Those who choose to invest in the Inheritance Pass will receive it as soon as August of this year. It will feature the name of the donor on the back. Yellowstone Forever says that the money it raises through the campaign will go toward supporting scientific studies, trail maintenance, and wildlife conservation, among other projects.

I tried to find out how many people might have taken advantage of this program in the few weeks it has been available but couldn’t find any information. 

Quite honestly, even though they promise to keep track of the ownership of the passes, I think purchasers have to acknowledge buying the pass is tantamount to making a straight donation to the park. Will there even be websites and email addresses by which to contact Yellowstone Forever to retrieve a lost pass in 150 years?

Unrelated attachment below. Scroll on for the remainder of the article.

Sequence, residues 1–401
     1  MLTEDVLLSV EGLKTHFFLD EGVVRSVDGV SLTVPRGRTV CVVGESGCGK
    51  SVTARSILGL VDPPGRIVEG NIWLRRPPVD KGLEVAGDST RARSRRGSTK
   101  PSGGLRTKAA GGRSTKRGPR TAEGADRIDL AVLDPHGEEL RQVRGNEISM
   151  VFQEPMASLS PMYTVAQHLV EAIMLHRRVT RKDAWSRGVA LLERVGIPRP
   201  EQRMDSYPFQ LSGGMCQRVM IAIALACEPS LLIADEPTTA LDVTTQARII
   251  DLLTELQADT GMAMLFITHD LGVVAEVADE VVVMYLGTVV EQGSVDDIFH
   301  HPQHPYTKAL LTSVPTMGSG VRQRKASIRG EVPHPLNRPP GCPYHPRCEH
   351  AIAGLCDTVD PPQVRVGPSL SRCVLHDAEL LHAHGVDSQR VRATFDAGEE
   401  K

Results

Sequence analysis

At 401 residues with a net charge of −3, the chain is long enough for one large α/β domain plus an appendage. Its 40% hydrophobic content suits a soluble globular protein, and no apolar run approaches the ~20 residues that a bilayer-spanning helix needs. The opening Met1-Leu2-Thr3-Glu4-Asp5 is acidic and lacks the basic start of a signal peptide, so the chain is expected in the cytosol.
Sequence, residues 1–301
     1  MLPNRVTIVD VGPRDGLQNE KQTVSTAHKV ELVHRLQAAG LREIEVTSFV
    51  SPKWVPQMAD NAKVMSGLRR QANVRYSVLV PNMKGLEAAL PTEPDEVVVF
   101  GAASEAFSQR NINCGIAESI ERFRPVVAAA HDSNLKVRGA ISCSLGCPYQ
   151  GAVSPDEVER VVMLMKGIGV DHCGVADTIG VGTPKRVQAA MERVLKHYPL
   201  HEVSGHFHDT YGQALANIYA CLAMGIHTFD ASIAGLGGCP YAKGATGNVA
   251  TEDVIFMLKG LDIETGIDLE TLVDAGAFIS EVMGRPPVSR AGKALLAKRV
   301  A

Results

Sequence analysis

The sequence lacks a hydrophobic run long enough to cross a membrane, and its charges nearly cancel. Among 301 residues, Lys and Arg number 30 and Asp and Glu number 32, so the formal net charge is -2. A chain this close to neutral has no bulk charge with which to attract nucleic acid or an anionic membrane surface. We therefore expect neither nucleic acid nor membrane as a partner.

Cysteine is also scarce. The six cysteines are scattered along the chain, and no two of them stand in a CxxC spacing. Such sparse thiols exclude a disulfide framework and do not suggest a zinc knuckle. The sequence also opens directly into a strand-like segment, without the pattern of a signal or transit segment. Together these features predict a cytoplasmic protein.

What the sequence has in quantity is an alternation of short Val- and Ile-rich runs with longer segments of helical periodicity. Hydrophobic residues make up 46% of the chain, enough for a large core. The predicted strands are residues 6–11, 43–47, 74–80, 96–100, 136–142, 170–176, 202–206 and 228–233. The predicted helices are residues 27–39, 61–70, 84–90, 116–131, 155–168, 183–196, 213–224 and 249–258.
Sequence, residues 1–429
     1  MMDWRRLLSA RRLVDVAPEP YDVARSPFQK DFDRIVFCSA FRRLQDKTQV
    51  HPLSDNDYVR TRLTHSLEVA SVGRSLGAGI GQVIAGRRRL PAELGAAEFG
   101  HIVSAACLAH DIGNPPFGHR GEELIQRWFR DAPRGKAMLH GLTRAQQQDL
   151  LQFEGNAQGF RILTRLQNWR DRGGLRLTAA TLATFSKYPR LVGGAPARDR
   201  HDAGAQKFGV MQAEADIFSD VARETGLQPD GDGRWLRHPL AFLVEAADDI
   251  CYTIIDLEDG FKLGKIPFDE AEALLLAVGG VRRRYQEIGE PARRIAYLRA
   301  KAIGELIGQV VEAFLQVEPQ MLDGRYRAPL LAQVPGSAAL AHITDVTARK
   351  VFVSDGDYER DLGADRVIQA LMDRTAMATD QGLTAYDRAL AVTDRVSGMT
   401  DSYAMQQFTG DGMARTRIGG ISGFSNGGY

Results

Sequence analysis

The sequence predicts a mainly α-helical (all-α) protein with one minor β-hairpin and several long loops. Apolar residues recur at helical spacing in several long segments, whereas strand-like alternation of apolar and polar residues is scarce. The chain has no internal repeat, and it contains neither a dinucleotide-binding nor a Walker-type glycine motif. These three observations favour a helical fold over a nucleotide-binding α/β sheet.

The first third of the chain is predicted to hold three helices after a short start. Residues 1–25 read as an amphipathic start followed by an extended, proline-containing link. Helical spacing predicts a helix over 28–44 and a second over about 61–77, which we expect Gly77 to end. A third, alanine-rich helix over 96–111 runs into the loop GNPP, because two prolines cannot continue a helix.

In terms of my earlier reference to donor programs with niche appeal, the pass one receives is a physical token to accompany the concept of investing in the park to benefit future generations. It would be great if families actually retained the pass across five generations (based on a generation being about 30 years), and presented it for redemption. But the pass is just an appealing prop in a conservation donation campaign.

I would be interested in knowing how they calculate the tax deductible portion of the pass. Do they use $1500 less the current cost of an annual pass to figure out the received benefit value vs. the donated portion? Or will it be the cost of the pass in 150 years which may exceed $1500?

(Actually, given that the person making the donation will receive no benefit, I would assume the whole amount is deductible if they refuse the complimentary annual pass available in 2022.)